Because of my work as a novelist, editor, and book reviewer, I come across a lot of poor representations of bisexuality and bisexual people. I write primarily for a bisexual audience, so I'm conscious of how our community is seen in media aimed at non-bisexual consumers--for example, readers of M/M (male/male) fiction.
Because bisexual people have shown ourselves to be somewhat of an untapped market, many authors are now reaching out and giving us what we've longed for. Some do this very well; I have a few colleagues who write excellent bisexual women, and I've discovered several non-binary trans authors who write outstanding bisexual characters of various genders. Others, however, are not doing so well at understanding us or our community. This is often something I see from authors who are either not bi-identified or who are but primarily spend their time in gay and lesbian spaces. They tend to make a number of painful errors: avoiding the word even if they "show" the character to be bi (that's a whole separate discussion); having a bi-identified character become "really just gay"; continuing to use phrasing which implies bisexuality is not in and of itself a stable identity.
My current pet hate is for the phrase "gay side." Some examples of how I've seen it phrased:
- exploring their gay side
- hiding their gay side
- discovering their gay side
Absolutely no one ever suggests that a bisexual character previously in a same-gender relationship who falls in love with someone of a different gender is "exploring their straight side." No one suggests that a bisexual character in a same-gender relationship is "hiding their straight side." Hiding one's bisexual identity--either in the straight or gay community--is simply called "being in the closet." Full stop.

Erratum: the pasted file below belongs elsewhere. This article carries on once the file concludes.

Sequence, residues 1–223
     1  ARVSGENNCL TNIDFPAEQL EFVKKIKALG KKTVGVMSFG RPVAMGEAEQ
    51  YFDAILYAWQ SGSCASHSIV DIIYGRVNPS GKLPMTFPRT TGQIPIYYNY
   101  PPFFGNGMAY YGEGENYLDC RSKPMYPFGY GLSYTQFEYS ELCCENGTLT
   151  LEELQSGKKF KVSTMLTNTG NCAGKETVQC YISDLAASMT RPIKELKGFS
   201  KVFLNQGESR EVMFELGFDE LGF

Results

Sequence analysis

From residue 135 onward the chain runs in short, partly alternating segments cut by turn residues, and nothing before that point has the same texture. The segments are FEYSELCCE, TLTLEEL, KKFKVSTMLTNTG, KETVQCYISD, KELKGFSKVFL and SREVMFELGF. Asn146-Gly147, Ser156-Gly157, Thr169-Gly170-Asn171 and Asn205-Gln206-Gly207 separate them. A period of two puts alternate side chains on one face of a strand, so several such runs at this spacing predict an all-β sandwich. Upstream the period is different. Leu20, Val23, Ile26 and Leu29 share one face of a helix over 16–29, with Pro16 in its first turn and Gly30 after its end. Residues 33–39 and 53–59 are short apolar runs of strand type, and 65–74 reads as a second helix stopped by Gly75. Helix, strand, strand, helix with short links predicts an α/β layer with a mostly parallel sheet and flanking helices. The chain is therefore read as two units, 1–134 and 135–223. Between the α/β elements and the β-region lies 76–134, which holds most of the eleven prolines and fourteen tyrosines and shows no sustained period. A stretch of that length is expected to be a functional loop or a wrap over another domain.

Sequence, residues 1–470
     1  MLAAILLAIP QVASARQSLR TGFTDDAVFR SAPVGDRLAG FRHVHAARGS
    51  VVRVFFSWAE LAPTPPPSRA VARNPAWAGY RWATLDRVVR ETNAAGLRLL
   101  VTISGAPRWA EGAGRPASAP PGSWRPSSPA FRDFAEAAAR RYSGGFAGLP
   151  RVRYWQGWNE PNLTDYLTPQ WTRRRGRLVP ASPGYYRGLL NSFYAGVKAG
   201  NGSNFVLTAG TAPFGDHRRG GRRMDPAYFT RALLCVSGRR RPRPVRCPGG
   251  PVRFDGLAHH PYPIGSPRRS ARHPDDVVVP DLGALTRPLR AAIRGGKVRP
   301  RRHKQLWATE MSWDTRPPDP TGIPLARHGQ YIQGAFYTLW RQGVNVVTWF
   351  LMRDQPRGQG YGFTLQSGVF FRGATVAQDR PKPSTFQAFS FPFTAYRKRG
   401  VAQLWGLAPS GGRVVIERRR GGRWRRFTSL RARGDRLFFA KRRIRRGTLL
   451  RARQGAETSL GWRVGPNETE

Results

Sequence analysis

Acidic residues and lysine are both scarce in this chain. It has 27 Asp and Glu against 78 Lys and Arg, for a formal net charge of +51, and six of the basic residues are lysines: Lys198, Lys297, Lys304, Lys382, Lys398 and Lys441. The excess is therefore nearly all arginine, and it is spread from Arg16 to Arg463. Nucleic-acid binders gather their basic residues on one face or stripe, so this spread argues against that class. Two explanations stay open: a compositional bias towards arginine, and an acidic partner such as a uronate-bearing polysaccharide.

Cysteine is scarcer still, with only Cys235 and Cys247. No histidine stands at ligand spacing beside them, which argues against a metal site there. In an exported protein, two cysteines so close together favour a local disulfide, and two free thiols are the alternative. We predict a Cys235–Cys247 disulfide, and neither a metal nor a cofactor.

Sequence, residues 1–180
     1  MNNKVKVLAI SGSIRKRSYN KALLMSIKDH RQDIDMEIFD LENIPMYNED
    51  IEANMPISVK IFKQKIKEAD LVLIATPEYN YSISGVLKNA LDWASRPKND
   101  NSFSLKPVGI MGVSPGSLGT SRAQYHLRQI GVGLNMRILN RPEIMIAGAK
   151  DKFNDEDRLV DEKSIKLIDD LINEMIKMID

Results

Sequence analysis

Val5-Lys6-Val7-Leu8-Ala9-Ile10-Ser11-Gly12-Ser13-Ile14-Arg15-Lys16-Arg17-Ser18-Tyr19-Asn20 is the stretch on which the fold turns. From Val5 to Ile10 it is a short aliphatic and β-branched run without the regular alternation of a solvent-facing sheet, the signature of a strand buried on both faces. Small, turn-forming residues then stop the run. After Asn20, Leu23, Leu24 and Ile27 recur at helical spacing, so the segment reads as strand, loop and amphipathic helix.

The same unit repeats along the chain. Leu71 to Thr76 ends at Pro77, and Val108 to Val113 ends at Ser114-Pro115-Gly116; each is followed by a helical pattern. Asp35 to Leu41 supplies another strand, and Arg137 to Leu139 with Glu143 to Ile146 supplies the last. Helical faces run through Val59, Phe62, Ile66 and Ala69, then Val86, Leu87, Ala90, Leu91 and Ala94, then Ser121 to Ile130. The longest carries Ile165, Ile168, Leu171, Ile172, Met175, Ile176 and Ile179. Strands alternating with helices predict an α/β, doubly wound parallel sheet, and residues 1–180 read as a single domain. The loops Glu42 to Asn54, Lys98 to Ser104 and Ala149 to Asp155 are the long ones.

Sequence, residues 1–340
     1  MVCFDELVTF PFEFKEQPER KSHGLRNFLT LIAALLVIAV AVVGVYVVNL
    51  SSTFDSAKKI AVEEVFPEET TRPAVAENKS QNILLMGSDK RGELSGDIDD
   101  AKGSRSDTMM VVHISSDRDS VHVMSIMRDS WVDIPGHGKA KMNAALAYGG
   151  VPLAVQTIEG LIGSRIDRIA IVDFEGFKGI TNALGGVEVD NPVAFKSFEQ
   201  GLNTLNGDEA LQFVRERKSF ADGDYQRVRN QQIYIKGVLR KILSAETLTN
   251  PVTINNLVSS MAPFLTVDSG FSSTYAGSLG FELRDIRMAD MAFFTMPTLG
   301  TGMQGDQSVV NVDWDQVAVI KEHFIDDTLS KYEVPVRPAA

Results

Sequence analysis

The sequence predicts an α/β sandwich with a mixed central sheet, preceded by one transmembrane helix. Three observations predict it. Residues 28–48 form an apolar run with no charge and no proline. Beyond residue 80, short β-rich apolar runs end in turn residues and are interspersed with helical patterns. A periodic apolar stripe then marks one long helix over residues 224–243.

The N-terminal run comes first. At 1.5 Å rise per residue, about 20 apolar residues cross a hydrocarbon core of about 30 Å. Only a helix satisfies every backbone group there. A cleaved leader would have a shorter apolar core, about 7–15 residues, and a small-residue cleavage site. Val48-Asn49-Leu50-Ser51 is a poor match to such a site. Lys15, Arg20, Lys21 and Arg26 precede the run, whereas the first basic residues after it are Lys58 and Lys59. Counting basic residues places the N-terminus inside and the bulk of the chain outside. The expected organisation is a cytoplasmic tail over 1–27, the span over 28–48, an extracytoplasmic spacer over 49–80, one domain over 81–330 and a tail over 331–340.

Presenting someone in a story as having a "gay side" does a disservice to the bisexual community. It perpetuates myths such as bisexuality being an unstable state which will settle down as soon as a person has a partner or that it's merely being confused or experimenting. It implies that if a person continues to identify as bisexual, they will one day decide to "go straight" and leave a same-sex partner. It also implies a person who has mostly been in different-gender relationships has done so in order to hold onto straight privilege and avoid being labeled "queer" rather than because that was who the person was in love with at the time. All of those are rooted in ignorance and biphobia.
In M/M fiction, the goal is to have two male main characters end up in a relationship together. This does not need to be done at the expense of the bisexual identity. It only requires the writer to have a broader understanding of what it means to be bisexual and how a person's bisexuality informs their relationships. It's not necessary to be bisexual to write good bi characters, but it definitely helps to know a few of us (and have us be your beta/pre-readers).